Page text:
Whistle while you work

Most of the people I work with use headphones to listen to music while they work. At least the engineers, coders, and researchers do – I suspect the admin departments don’t so much. I’m the rare exception who doesn’t generally have headphones on while busy.

Occasionally though I will take in my iPod and headphones – usually when I have a deadline looming and need to work solidly on something without being interrupted. Because normally I don’t have headphones on, I can hear everything that happens around me, so it’s fairly easy to overhear something and get distracted. That’s what I try to tune out by using some music so I can concentrate more solidly on my work.

But, doing this the past couple of weeks while working on some end-of-year reports, I notice that listening to music doesn’t really help me much. I find it distracting. I’ve never really used music consistently while I’ve worked on anything. I didn’t use music while doing school homework or studying or writing essays or any of that.

I brought my iPod into work because I figured it would cut out external distractions, but I find the music at least as distracting. I can’t help singing along (silently), or humming the tune in my head, and once I notice what I’m doing, my attention is fully on the music and not on my work.

Music has never been something I have filling the void of silence in the background while I’m doing other stuff. I like silence while I’m concentrating on stuff. I absolutely cannot read a book, for example, with music on. Music, to me, is something you pay attention to. Something you put on when you have time to sit on the lounge and do nothing else but listen. Or jump around the house like a rock star singing along to all the lyrics.

I like music, I really love some of it. But I seldom listen to it, because I find it so attention-grabbing. I think I’ve always been this way, but I only really noticed it in the past week while trying to work on that report at work, and finding myself distracted by the music. Despite deliberately bringing in an iPod to use while working, I found myself only turning it on for an hour or two a day, and getting more work done when it’s off.

I don’t know what it is. Music pierces my consciousness. I like it so much, but I can’t have it around when I need to concentrate on other things.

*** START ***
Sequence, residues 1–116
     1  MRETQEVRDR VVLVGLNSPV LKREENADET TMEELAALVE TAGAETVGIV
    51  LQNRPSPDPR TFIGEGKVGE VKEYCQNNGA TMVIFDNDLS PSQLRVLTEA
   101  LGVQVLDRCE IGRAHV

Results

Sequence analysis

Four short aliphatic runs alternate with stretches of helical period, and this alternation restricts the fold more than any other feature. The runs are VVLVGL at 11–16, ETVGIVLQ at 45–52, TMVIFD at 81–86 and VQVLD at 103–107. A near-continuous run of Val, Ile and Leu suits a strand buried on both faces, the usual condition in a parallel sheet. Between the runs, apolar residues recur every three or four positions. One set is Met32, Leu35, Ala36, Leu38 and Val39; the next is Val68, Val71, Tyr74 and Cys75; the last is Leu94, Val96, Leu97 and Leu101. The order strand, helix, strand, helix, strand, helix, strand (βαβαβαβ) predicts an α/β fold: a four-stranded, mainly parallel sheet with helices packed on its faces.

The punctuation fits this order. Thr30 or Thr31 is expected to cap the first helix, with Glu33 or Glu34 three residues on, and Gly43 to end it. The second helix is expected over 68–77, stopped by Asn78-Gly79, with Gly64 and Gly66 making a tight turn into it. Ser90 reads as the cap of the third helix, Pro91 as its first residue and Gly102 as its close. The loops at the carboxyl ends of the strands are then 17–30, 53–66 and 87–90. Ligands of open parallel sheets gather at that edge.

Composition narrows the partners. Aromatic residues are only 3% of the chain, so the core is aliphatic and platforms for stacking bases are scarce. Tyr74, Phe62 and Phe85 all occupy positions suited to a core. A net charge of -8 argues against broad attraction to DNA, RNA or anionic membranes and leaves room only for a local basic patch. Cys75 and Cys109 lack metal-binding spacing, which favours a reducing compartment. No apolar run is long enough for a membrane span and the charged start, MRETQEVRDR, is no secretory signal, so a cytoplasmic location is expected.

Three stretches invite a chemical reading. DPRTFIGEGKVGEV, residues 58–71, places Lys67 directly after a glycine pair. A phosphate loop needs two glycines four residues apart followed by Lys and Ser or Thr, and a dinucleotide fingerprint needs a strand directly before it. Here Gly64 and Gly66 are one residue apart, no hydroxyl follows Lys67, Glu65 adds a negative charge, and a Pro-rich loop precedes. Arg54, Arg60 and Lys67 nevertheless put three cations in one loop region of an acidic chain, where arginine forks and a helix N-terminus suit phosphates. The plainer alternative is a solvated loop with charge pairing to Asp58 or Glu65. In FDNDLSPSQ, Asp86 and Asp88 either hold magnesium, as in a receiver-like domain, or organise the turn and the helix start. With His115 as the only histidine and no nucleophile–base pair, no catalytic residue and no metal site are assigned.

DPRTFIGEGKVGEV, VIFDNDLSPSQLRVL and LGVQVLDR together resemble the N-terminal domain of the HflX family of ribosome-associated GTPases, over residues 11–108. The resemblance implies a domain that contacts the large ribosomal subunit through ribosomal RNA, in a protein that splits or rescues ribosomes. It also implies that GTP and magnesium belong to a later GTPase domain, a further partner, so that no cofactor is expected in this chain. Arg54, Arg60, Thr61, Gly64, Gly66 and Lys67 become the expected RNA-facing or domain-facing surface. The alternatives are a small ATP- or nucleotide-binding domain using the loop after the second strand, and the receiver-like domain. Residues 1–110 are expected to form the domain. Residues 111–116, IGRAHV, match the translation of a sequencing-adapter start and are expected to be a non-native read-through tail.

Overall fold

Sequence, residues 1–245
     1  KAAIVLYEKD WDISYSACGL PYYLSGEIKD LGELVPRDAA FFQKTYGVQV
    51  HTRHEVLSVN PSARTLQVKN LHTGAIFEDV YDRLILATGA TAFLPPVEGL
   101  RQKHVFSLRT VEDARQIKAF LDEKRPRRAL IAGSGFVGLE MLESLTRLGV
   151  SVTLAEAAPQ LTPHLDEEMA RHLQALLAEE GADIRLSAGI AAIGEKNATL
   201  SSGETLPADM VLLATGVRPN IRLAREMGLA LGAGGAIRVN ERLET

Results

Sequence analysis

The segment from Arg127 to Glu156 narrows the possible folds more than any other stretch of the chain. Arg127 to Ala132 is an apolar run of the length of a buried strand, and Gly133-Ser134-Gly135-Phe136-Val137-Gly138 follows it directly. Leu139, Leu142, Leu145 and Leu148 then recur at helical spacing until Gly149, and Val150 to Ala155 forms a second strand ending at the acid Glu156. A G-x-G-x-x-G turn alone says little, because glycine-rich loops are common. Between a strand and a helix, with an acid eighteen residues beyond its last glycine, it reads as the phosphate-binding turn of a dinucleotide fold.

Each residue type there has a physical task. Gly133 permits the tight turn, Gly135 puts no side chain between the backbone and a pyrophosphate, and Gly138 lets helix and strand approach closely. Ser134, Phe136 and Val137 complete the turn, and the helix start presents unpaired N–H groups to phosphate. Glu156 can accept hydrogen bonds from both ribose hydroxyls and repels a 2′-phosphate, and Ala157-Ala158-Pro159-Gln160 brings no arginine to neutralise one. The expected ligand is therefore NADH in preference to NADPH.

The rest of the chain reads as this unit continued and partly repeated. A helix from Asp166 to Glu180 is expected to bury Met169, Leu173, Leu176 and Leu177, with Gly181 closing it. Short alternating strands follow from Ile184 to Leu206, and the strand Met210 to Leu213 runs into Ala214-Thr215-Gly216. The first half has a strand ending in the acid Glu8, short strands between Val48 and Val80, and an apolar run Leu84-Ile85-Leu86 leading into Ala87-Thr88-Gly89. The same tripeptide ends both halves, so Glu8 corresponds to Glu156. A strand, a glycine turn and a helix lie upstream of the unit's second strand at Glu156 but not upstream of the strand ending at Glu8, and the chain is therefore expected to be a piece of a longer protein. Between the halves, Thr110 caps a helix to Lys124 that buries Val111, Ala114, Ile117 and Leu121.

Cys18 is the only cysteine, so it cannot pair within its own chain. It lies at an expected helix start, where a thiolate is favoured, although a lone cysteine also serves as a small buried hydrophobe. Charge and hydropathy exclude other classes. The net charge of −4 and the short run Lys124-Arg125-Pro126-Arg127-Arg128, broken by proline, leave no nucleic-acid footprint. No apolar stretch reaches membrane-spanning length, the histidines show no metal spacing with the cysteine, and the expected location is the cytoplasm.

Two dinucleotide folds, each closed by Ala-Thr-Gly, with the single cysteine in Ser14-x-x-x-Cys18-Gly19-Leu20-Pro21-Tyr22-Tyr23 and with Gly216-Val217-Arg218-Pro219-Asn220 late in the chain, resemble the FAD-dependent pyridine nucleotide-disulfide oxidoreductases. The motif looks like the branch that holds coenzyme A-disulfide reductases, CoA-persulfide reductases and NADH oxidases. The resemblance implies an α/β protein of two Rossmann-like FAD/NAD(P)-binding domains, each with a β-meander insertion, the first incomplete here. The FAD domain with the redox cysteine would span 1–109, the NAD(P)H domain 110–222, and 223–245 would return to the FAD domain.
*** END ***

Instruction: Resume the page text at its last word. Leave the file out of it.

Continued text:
8 Responses to “Whistle while you work”

  1. Chris Adams says:

    That’s interesting.

    I find it hard to listen to music without singing along if I’m not doing anything to occupy my mind like driving (that sounds bad, but I mean my intellect as opposed to my perceptions, I suppose). When I’m driving, I’m far more often in the mood to listen to people talking on podcasts or, more rarely, the radio.

    Conversely, when I’m reading something I can’t possibly listen to people talking like that, and music is good; but when I’m working with my hands at work, I go crazy if I can’t be reading something to occupy my eyes and brain. Hell, I don’t even like to use the bathroom without a book to occupy my brain.

  2. When I’m driving is actually when I listen to music the most. Concentrating on driving doesn’t seem to use the same part of the brain that I need to read/work.

  3. David Mc says:

    I can’t concentrate while listening to music with lyrics. Instrumental music is fine though.

  4. Daniel says:

    About two years ago a group of birds decided they would make the tree outside my bedroom window their regular 5-am hangout. This wasn’t the nice kind of birds with a pleasant song, no – these were some really annoying type of pigeon that would go dooDOOdoodoodoo, dooDOOdoodoodoo, incessantly until we woke up and threw something out them to drive them away.

    I downloaded a thirty-second white noise sample from the Internet, looped it using Audacity, and created a half-hour white noise track that I left playing all night on my iPod. It worked wonders.

    An alternative to music, if you like.

  5. Robert Prior says:

    I find the sound of ocean waves works well for screening out some background sounds, while not grabbing my attention itself. It doesn’t cut through PA announcements or colleagues holding a conversation across the room over my head (schools are noisy, and horrible places to try to work or learn), but it worked great when I was in an adult environment.

  6. Prrrty says:

    Ambient music works for me.
    In situations where silence is not possible, but I want to block external distractions, I listen to Brian Eno’s ambient work, for example. Or sound tracks used in films.

  7. David says:

    Daniel, have you tried http://simplynoise.com for your noise generation needs? I’ve found I prefer the brown noise to the white or pink, but all three are useful. Strangely though, after a few minutes, my brain picks out patterns in the noise.

  8. Erik says:

    While normally I do need music around me(or a combination between music and talking) for my regular work when I really have to concentrate for some tasks I need complete silence otherwise I get really irritated.

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